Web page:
Given the enormity of the playing field it feels both daunting and exhilarating to be embarking on a venture of my own design for the second time in my career. After birthing and running a company for over 6 years, then letting it go, I honestly wasn’t sure I’d ever find another opportunity I could wholly commit to.
This time around however, I’m motivated not only because I have an amazing set of business partners, but because the problem that we’re setting out to help solve has become one of the most important issues facing the whole of modern society.
How to successfully manage your digital identity.
It sounds so ‘American’ doesn’t it. But it’s not. Far from being contained by geographic boundaries or patriotic rhetoric, the tangled web of contemporary identity has little respect for nationalism. It is a world wide web. Through the unfettered dissemination of personal data, individuality itself has become globalised. Intrinsically connected to culturally agnostic ‘smart environments’, we are forced to reassess our sense of self.
By and large I consider myself a pretty open character. I was uncomfortable though, each time my wife and I voluntarily shared our children’s personal data, signing up for the the try-before you-buy samples in the Bounty Health Network newborn pack, at the bedside on the ward in the hospital when our little ones had just arrived. Franky I was astounded that the Bounty Health Network even knew we existed but when the kindly nurse-esq rep produced Her Majesty’s Revenue and Customs child benefit form alongside the freebies, how could we say no? The children were barely one day old.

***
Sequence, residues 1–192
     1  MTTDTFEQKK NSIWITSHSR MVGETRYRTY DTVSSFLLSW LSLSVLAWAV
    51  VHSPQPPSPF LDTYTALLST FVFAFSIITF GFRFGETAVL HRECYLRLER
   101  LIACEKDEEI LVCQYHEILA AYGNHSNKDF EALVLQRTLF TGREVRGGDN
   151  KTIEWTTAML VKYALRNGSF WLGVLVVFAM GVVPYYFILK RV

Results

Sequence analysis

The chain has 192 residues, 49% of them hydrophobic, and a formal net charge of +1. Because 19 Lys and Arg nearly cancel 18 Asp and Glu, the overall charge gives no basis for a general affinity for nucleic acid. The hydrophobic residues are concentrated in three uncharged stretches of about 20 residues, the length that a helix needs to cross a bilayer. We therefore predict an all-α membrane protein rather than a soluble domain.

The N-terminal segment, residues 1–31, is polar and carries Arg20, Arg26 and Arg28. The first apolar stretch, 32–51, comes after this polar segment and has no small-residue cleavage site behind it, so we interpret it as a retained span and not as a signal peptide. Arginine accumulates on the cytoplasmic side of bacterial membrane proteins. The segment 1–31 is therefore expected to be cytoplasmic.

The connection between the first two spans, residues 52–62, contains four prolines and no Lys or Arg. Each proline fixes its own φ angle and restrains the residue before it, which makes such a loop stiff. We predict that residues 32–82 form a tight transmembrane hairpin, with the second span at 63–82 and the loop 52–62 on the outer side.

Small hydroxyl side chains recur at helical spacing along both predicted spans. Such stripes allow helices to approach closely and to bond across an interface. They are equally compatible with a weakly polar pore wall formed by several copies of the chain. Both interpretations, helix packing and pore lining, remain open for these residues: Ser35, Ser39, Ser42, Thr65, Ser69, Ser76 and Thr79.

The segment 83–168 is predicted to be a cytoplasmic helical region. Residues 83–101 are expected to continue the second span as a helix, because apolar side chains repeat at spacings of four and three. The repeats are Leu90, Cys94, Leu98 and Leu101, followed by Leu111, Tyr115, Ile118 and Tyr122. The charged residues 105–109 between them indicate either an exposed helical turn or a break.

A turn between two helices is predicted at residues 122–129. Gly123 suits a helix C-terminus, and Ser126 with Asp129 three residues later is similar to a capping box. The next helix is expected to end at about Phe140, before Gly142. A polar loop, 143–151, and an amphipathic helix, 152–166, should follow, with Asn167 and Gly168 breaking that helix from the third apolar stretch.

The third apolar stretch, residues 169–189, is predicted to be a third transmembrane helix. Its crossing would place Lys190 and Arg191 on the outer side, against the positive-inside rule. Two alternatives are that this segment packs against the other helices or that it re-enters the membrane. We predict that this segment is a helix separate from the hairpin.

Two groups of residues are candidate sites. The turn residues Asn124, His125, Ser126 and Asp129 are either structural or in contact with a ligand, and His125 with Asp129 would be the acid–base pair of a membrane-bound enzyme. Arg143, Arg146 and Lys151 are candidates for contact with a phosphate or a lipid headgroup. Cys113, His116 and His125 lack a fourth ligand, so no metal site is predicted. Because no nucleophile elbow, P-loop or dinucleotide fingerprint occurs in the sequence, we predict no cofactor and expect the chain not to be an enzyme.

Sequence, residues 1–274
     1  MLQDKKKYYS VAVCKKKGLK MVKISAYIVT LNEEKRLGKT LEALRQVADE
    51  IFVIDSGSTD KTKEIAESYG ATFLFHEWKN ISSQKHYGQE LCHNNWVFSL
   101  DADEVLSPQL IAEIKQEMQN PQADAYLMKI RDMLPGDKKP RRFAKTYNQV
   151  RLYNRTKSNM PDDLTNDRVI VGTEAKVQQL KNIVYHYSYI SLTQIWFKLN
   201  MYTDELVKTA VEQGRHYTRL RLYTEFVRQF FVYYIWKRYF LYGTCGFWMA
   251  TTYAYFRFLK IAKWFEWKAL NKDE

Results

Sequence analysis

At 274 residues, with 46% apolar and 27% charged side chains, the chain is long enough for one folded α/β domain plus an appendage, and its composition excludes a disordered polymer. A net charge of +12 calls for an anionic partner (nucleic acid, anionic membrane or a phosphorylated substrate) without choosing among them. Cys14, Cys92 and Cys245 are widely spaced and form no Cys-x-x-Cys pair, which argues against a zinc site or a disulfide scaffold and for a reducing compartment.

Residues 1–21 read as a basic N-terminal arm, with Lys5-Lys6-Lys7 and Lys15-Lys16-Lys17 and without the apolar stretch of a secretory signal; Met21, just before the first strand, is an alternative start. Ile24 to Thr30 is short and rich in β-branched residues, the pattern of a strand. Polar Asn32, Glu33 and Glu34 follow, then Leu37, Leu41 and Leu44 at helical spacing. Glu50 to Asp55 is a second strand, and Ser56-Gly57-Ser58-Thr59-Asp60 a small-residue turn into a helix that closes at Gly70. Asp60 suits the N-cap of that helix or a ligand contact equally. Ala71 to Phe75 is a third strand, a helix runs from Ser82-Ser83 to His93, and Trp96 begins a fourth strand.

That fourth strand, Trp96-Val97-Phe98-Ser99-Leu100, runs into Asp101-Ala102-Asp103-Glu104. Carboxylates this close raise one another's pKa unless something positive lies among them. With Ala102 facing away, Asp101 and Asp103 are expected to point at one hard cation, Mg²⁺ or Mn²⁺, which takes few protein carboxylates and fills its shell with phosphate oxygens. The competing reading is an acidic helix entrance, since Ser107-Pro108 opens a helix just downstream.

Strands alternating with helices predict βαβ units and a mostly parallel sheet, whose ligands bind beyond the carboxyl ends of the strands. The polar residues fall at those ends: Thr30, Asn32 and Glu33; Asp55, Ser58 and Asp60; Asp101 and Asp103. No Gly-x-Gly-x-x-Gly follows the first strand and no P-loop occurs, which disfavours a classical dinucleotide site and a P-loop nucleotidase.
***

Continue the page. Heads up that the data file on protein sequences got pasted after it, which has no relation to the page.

Talk about right message, right time, right place!
More recently our eldest, now 6, asked me if she could jump online to update her avatar on the Class Dojo, the web app used by her school to communicate with both pupils and parents. When I asked why, I was treated to a pre-teenage, “I’m so hard done by”, list of all the amazing features her friends had managed to add to their avatars. In contrast my early insecurities were very much face-to-face, based predominantly around my national health specs. Had I had to grapple with my virtual avatar I dread to think of the ensuing ‘trolling’ and the impression it might have left. At just 6 years old my daughter is already becoming defined by her online identity, rather than her identity online. That’s scary.
As I proposed to the audience at the Digital Catapult Centre last week, where we announced Enable iD, whilst the technology will change, in order for our children to keep up with and make good on Moore’s Law (the widely cited observation that computing power doubles approximately every two years), it is essential that we strive to create an ethical and sustainable framework for people to understand and manage their digital identity with confidence. If we can do that I believe we can give our children a head-start in shaping their futures. Circumstance notwithstanding, this is something I’m convinced by, and a challenge I’m thrilled to get the chance to help address.